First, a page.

Dec 11, 2019

The great American housing engine slows

Animated illustration of a magnifying glass searching for a For Sale sign.
Illustration: Aïda Amer/Axios

Rising prices, changing demographics and low geographic mobility are shaking up the housing market and driving down the number of homes for sale in the U.S.

Why it matters: "It's a sign that the dynamism of the American economy is diminished," says Mark Zandi, chief economist of Moody's Analytics. Home sales drive a lot of economic activity, such as when new owners spend money on renovations and furnishings.

The number of homes for sale in 2020 will hit an all-time low, real estate company Redfin projects. Here's why:

  • Homeowners aren't buying new houses. In 2010, an owner's median tenure in their home was five years. Now, it's 10.
    • That tenure has risen even more in some markets. In Salt Lake City and Houston, for example, it went from 15 years to 23 years, per Redfin.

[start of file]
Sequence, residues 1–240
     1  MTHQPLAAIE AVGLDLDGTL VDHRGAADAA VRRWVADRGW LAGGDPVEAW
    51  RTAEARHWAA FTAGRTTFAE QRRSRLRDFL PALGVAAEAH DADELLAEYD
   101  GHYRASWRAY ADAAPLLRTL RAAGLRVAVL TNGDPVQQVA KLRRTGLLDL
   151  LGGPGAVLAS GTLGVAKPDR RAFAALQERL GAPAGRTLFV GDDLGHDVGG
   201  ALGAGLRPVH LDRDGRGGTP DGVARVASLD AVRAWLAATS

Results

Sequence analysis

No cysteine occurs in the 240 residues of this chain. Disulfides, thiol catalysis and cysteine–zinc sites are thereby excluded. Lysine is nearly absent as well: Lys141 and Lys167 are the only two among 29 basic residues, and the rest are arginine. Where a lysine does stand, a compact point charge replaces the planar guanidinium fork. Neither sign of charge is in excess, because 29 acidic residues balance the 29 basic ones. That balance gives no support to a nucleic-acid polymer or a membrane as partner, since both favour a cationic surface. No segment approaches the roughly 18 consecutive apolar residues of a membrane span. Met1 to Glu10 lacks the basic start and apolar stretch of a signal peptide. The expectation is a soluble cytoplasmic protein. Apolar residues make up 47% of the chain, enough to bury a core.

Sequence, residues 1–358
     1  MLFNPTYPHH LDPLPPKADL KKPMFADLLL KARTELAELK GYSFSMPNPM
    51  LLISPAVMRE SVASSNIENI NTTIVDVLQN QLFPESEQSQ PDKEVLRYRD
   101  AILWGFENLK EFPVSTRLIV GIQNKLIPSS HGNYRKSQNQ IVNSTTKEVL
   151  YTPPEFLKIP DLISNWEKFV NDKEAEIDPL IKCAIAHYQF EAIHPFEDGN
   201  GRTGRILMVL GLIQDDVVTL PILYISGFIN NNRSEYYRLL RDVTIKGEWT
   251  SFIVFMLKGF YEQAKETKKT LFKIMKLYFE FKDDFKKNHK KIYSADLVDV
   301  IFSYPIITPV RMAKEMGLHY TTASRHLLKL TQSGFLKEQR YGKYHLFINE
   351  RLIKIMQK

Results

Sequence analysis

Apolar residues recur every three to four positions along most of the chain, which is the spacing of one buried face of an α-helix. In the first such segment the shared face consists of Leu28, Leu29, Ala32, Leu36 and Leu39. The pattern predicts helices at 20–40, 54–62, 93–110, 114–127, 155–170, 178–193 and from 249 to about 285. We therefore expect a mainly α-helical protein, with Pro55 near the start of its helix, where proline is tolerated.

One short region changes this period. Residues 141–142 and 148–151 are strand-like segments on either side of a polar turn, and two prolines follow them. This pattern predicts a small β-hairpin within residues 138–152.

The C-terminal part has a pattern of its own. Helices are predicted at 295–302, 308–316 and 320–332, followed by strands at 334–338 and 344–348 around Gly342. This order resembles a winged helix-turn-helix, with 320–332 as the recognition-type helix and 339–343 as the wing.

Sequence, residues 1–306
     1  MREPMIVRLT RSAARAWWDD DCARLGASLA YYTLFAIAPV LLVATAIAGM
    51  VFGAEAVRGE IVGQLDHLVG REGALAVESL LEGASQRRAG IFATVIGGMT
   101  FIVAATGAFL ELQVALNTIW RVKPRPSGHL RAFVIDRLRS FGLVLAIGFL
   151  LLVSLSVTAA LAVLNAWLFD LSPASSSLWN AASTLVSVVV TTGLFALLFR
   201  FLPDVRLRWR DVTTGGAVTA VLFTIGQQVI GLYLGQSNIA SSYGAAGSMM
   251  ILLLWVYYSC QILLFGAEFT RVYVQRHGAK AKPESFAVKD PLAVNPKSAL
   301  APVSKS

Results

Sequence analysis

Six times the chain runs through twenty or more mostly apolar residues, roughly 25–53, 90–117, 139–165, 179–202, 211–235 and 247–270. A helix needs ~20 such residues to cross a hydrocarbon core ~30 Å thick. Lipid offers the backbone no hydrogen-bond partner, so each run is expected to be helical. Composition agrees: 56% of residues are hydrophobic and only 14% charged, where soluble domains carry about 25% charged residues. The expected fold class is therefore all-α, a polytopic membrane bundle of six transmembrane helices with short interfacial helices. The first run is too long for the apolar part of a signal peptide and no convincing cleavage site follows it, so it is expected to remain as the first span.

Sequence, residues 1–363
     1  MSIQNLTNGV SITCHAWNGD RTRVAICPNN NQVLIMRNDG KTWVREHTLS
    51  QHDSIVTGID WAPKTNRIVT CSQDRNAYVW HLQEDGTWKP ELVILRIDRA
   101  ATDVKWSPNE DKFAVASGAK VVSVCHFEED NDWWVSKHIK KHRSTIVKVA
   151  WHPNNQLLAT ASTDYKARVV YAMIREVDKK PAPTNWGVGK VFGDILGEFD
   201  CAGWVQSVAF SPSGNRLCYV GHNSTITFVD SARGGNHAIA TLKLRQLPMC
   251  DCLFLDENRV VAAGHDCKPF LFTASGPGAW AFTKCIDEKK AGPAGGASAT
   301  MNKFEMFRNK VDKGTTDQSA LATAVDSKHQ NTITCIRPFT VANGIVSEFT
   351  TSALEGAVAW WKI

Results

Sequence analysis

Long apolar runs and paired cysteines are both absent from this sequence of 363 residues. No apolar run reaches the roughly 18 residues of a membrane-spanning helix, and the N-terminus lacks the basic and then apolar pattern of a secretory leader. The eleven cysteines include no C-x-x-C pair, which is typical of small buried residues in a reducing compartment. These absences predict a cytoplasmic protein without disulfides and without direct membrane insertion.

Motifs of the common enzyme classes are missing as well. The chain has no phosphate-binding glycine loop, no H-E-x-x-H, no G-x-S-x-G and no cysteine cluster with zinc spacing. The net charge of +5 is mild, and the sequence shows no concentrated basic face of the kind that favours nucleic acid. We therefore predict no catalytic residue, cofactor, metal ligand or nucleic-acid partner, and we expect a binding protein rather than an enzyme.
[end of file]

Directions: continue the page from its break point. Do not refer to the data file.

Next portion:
• The rise is partially driven by older homeowners who are delaying retirement and moving to elder care, Daryl Fairweather, Redfin's chief economist, says.
  • There's an affordability crisis. Yes, mortgage rates are very low, so monthly payments have come down, but prices for homes have gone up much faster than incomes, says Fairweather. That's keeping potential first-time homebuyers from taking the plunge.
  • Millennials are waiting to buy homes due to sky-high student debt burdens. In 1981, the median age of all homebuyers was 31, and this year it was 47, Yahoo Finance's Zack Guzman notes.

The bottom line: Fewer homes on the market means Americans aren't moving as much anymore. As we've reported, the distinctly American trend of packing up and moving to follow dreams and new opportunities has quieted way down.

  • "People that are unemployed live in the rural or ex-urban areas, but they can't move" because there either aren't houses for sale or the ones that are available are too expensive, Zandi says.
  • The reduction in mobility "is a really big deal over the period of a decade or a generation," he says. "If jobs are open, but people can't take them, that's a hit to the economy and GDP growth."

Go deeper: For seniors, an intractable housing crisis

Go deeper